Applying for a FAA medical certificate while taking SSRI medication does not does not automatically mean you will never get to fly again. Airmen with a history of Selective Serotonin Reuptake Inhibitor (SSRI) usage may still be eligible to hold a medical certificate, despite their history with SSRI medications, through the special issuance process. While SSRI medication disqualifies an individual from an aeromedical eligibility standpoint, if you can establish stability while on the SSRI medication, with no cognitive deficits caused by the SSRI use, then the FAA will consider you for a special issuance authorization – meaning you still get to go fly!
Often times, an individual may be prescribed SSRI medication by his/her treating physicians to combat depression, feelings of sadness, or other external factors affecting that person. SSRI medications are commonly known as antidepressants and generally work by increasing levels of serotonin (the “feel good hormone”) within the brain. Consequently, airmen with a history depression, anxiety, or some other mood disorder may be prescribed SSRI medications such as Citalopram (Celexa), Escitalopram (Lexapro), Fluoxetine (Prozac), or Sertraline (Zoloft).
If an airman elects to discontinue use of SSRI medication, his/her Aviation Medical Examiner (AME) may note that fact and defer issuance of the medical certificate, until such time as the airman’s treating physician can opine that the airman is of a stable mood. Typically, the FAA wants to see at least a 60-day period of no SSRI medication usage when an airman elects to discontinue SSRI medication. There are a few ways to document this weaning properly and in a way that will give the FAA more confidence in the airman’s prognosis. It is important that when you attempt to wean off SSRI medication that you do so under the careful watch of a medical physician’s supervision. If, however, the airman elects to continue using SSRI medication, the analysis becomes more involved, as you will see below.
In order to properly assess an airman’s aeromedical eligibility due to continued SSRI medication usage, he/she will likely need to see a Human Intervention Motivational Study (HIMS) AME for proper assessment of his/her aeromedical fitness. To learn more about the role and purpose of a HIMS AME, you may consider reading the following blog: Selecting a HIMS AME. As such, the HIMS AME will need to inquire into several areas of the airman’s medical history to determine whether he/she is eligible for a medical.
If the airman is taking Prozac, Lexapro, Zoloft, or Celexa, then the HIMS AME may be able to recommend medical certification to the FAA. If any one of these SSRI medications are being used by the airman, then the HIMS AME will likely inquire as to the length of time that the airman has been on that prescribed medication. If the period of prescription is less than six (6) months, the HIMS AME will likely require thee airman to remain on a stable dosage of that SSRI medication for at least six (6) months before consideration of a FAA medical certificate.
If, however, the airman has been on one of the above-mentioned SSRI medications for at least six (6) months, the HIMS AME will then consider additional information, such as the nature of the underlying diagnosis and the treatment. If the underlying diagnosis and treatment suggests that the airman has a history of, or is currently using, multiple psychiatric medications and/or has a history of unacceptable diagnosis or symptoms, the HIMS AME will likely defer the medical application to the FAA. This, of course, is a less than desirable outcome and should be discussed with the FAA medical attorneys at The Ison Law Firm for further guidance and representation.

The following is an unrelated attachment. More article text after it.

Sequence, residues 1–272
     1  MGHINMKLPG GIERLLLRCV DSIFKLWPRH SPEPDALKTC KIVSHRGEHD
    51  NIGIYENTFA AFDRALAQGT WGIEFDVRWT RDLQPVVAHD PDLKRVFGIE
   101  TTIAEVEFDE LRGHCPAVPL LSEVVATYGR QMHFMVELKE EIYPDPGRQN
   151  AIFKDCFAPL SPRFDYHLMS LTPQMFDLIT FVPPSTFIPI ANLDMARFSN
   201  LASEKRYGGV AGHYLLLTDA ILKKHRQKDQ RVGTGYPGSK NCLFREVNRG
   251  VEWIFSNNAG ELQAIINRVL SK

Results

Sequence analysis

Should the HIMS AME find that there is an acceptable diagnosis and treatment relating to the airman’s need for SSRI medication, then the HIMS AME will require the airman to provide a typed statement, describing his/her mental health history, antidepressant use, and any other treatment related to the SSRI medication usage. This written statement must be signed and dated. Additionally, the airman will be required to provide copies of all medical/treatment records related to his/her mental health history. Typically, the FAA will require treatment records for past related symptoms where the airman was not on SSRI as well as from the date that the airman began treatment to the present.
Additionally, the FAA will likely require a written report from the airman’s treating physician, as well as a psychiatric evaluation from a board-certified or HIMS-trained psychiatrist, along with CogScreen results and a neurocognitive evaluation from a HIMS-trained neuropsychologist. This information is time sensitive and must be current within the last 90 days for FAA purposes. Once this information is gathered and given to the HIMS AME, the HIMS AME will send all document for initial review to the FAA for a decision on the airman’s medical certification.
Given the delicate nature of SSRI medication usage in relation to FAA medical certification, having an experienced attorney representing your interests throughout the medical certification process is essential. Often times, we are able to use our contacts within the aviation industry to help expedite what would otherwise be a lengthy, confusing, and costly process.
Applying for a FAA Medical Certificate While taking SSRI Medication? If you are planning to apply for medical certification with the FAA and have a history of SSRI medication usage, call the pilot lawyers at The Ison Law Firm today – 1-855-FAA-1215. Aviation law is all we do and nothing else!